Lewis Husbands works in digital marketing and he has some great advice for those entering technology fields.
Apart from finding excuses to travel to new countries in my spare time, I work in digital marketing as a digital advertising and project manager. I'd say I'm more of a generalist than specialist. I try to work across different aspects of digital. I've had to get to grips with data and more mathematical aspects, something that I wasn't very good at at A-Level.
I enjoy the variety of my work. One day I can be training staff on using social media to reach out to customers and the next I can be planning a digital campaign, everything from the messaging and imagery to analysing the data, audience groups and targeting as well as mapping out the customer journey.
I definitely have an entrepreneurial streak. I'd like to work in a start-up again, something that I did soon after University and found to be a great experience, or collaborate on a new project or initiative. I really enjoy working with people and teams that have different backgrounds and experiences.
Having a degree isn't the only way to get into digital. So much of what we do involves technology. For example people who are good at art often end up in designer roles helping to design websites, but also the best Social Media candidates have good design skills. Some are self-taught but are pros with Adobe Photoshop.
The other main areas to hone skills are technical and mathematical/data.
Getting started in any career these days is tough. The types of careers now are very different from even 10 years ago. If you really want to get into a career don't wait for someone to give you a job. Start doing it - create a website or social media profile to demonstrate your hobby/knowledge.
I think some of the experience and opportunities I gained from St James were invaluable. I moved from Scotland to Twickenham aged 16 and felt really welcome at St James. I was impressed that everyone knew each other. The headmaster knew your name and would speak to you in the corridor. But it wasn't just him: the teachers, pupils, administrative and kitchen staff.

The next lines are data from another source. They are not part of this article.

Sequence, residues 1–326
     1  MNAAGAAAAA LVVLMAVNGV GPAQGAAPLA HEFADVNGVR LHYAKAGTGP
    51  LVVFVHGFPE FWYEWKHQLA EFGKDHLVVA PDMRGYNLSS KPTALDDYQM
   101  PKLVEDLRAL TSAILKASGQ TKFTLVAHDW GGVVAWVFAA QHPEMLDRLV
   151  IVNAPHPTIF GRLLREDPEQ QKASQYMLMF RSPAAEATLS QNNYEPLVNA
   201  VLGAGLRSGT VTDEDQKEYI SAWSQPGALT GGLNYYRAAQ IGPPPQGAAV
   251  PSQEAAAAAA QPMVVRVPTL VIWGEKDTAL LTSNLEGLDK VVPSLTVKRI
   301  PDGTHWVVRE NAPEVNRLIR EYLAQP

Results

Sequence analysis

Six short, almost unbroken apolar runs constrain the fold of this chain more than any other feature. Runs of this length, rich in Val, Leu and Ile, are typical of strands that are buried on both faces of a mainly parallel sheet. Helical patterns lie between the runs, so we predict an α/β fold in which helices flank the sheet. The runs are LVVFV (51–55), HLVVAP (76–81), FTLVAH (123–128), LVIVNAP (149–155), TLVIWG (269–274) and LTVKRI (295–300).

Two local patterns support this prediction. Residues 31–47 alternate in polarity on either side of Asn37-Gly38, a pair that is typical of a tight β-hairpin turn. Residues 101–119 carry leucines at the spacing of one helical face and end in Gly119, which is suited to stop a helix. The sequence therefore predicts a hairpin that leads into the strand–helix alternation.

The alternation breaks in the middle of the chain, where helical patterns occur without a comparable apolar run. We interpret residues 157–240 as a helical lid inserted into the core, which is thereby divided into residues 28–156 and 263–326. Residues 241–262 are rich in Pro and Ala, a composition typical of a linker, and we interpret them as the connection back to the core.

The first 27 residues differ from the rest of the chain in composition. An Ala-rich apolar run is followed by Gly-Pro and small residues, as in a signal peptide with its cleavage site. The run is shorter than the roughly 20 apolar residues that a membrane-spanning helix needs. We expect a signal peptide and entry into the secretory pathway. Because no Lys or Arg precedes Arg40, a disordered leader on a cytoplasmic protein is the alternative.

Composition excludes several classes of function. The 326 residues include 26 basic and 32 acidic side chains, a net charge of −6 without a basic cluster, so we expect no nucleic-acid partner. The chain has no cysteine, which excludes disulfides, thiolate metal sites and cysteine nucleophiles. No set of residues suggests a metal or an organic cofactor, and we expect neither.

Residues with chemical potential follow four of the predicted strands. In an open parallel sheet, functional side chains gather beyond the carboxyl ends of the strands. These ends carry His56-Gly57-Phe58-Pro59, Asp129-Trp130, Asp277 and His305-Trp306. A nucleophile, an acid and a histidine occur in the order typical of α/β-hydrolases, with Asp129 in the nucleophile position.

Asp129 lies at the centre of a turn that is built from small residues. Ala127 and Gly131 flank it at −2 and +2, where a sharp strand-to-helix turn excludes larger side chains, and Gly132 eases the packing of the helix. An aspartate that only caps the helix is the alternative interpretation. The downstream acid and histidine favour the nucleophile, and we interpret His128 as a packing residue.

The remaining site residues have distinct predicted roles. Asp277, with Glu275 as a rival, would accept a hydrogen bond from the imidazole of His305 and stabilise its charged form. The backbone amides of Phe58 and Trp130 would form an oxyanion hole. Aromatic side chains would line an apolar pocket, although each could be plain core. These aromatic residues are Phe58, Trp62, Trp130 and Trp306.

I spend a lot of time problem solving so when you're concentrating really hard it can be easy to get distracted. I didn't embrace meditation at school or after but I did get into yoga years later and found that a good way to relax and found some parallels. I think for most teenagers you don't really appreciate school or everything that's going on around you but I enjoyed my time at St James and I really enjoy being part of the alumni community.
One other thing I learned at St James was about individuality. Companies aren't looking for personality-less pieces of clay. They are looking for interesting and passionate individuals. Businesses that want to invest in you will ask about your hobbies and want to see how seriously you take them. The idea is if you're an expert at one thing it's easier to become an expert at another. So if you used to play an instrument or sport or even a computer game remember what made you good at that or how you got to that level of proficiency. Lastly, stay humble. You might be great or be the boss but we're all still human. Staying grounded is important and I'm pretty sure this was Macbeth's downfall too if my A-Level memory serves me right.
Tim Boddy (1995) tells us what he has been doing since leaving St James.
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